The second point Fisher makes refers to a common ‘cheat’ technique where the singer cups their hands around the microphone and deliberately overloads it to get distortion that way. This will still result in a weedy, unconvincing sound if your basic power isn’t there and will severely limit the frequencies, timbres and articulation you’ll be able to use in your performance (see previous articles). So when you practice this, do it without a microphone first to get the sound unamplified. Once you know what you’re doing, if you want to use techniques like cupping the hands (or processing effects in the case of aggrotech vocals) go ahead – but make it something you choose to do for a special effect, not something you have to do out of bad habit.
The other point he made was where he talks about vocal hygiene, how he’s never smoked and avoids smoky areas in between gigs. See, told you.

Though mostly associated with low pitched demonic growls, this vocal style applies to mid and high pitched registers as well (Cannibal Corpse’s songs frequently require Fisher to switch between low growling and high screaming in quick succession). Also, despite what some of the more chauvinistic metal fans might insist, this isn’t just for the boys; Arch Enemy’s Angela Gossow popularised female growling throughout the 2000s, though she wasn’t the first woman to use the technique on record.

To get started, try a variation on the sirening exercise I described in early on this series, only this time instead of using an “nn” sound try it with a hard guttaral “uh” sound. Start by voicing this vowel sound clean in mid range, aiming to channel the sound entirely through the mouth (pinch your nose to make sure the nasal port is closed) with all the power coming from your abdominal muscles. If your throat is constricting, drop the effort away from it to make sure the power is coming from the right place. Then begin sliding the pitch of the note up and (especially) down, aiming to get strong, powerful notes at the limit of your range. When you have done this, gradually introduce throat distortion (look for the ‘sweet spot’ where you can start to engage your false vocal folds without choking the voice entirely) and increase the distortion until you can turn that strong, tuned note into an equally strong untuned roar. Find two or three pitches where your voice is at its strongest and practice hitting fierce growled or screamed monosyllables.

Now it’s time to try an actual lyric. You can use a metal lyric or any other lyric you’d like to practice with (try it with nursery rhymes and cheesy pop lyrics for giggles), but to start with here’s a verse from Slayer’s thrash metal classic South Of Heaven. Practice it using each of the pitches you found you were strong in and aim for volume and power with every syllable, starting with short staccato note durations (like spitting the words) gradually increasing in note duration as the verse progresses until you end with a long sustained roar of “die!”.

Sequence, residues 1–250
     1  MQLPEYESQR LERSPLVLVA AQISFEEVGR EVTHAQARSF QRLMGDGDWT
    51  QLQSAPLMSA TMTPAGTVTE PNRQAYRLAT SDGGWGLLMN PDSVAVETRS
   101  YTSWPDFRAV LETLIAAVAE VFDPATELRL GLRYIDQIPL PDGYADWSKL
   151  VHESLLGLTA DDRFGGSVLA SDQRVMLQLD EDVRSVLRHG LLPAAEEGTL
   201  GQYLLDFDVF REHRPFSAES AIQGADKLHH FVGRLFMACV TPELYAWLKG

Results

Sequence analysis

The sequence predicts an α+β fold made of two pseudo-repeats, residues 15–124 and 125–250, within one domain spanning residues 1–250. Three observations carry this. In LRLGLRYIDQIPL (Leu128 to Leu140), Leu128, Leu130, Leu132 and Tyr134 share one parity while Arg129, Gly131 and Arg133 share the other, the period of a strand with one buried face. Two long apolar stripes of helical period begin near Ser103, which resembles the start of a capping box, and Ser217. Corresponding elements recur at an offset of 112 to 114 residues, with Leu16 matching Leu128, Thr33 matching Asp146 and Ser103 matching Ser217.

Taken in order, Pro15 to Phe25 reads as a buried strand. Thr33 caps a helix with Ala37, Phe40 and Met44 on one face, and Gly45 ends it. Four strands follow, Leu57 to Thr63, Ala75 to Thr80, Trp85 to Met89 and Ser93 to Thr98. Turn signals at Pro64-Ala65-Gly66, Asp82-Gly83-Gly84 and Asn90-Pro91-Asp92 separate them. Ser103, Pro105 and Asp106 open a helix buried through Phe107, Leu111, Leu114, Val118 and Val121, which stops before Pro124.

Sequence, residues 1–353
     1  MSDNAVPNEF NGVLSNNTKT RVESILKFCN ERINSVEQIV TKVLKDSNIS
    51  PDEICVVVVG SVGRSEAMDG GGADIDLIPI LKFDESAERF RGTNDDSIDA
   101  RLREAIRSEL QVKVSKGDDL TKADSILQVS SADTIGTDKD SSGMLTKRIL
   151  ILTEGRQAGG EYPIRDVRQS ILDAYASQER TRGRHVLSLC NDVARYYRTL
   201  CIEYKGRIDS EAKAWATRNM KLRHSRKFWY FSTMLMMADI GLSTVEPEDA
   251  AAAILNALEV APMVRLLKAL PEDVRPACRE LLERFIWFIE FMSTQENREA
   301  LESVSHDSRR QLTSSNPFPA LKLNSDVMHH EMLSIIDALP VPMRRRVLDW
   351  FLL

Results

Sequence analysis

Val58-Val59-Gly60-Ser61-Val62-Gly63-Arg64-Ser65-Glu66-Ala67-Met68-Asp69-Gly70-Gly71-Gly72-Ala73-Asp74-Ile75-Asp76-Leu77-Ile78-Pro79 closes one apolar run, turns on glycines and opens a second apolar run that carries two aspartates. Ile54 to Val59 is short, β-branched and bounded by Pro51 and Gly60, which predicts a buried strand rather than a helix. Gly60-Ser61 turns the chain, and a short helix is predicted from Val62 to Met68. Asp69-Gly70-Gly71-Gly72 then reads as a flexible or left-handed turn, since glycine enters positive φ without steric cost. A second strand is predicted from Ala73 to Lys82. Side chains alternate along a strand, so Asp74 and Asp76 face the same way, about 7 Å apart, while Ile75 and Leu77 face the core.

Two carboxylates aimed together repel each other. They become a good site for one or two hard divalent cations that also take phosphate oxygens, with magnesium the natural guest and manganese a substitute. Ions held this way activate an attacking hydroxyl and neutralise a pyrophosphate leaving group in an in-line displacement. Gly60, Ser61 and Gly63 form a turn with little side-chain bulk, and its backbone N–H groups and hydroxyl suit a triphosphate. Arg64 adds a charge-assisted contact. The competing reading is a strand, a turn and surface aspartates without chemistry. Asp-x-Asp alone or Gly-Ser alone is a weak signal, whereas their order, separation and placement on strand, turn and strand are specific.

An unforseen future nestled somewhere in time
Unsuspecting victims, no warning, no sign
Judgement day, the second coming arrives
Before you see the light, you must die!

(words by Tom Araya, music by Jeff Hanneman)

What’s Opera, Doc? – Hybrid Rock Voices

Though this is by no means without exception, classic rock is built around high male voices. Hard rock bands quickly found that low and mid range notes struggled to be heard above the guitar riffs and chords that occupied that register and the sexual politics of the time weren’t about to let female voices dominate such masculine music. The early metal vocalists who thrived operated at the top of their head voice, sometimes using nasal twang for added resonance (Ozzy Osbourne’s sound takes this to the extreme), while some like ACDC’s Bon Scott, his successor Brian Johnson and Judas Priest’s Rob Halford pushed even higher into overdriven falsetto notes strengthened with lots of throat distortion. Some were classically trained; Ronnie James Dio began as an operatic tenor before turning to the dark side of heavy metal and even those who weren’t trained looked to operatic stylings for inspiration.

When hardcore punk, thrash, black and death metal pioneers traded all that for the untuned aggression-orientated style that became growling and screaming, metal vocalists sought ways to combine both approaches into a hybrid style that would combine the ferocity of screaming with the virtuosity of classic metal.
Phil Anselmo of Pantera developed a style seamlessly merging pitched singing with primal, growled aggression. Learn this song if you want a challenge.

Finally, a clip of former Steve Vai vocalist turned prog metal icon Devin Townsend. In this song he repeatedly moves between clean operatic vocals and full on screamed vocals, visiting every point in between as he gradually brings in throat distortion. This is the hybrid approach in a nutshell, demonstrated by a master.


Published by qskerryjk

Musician, misfit.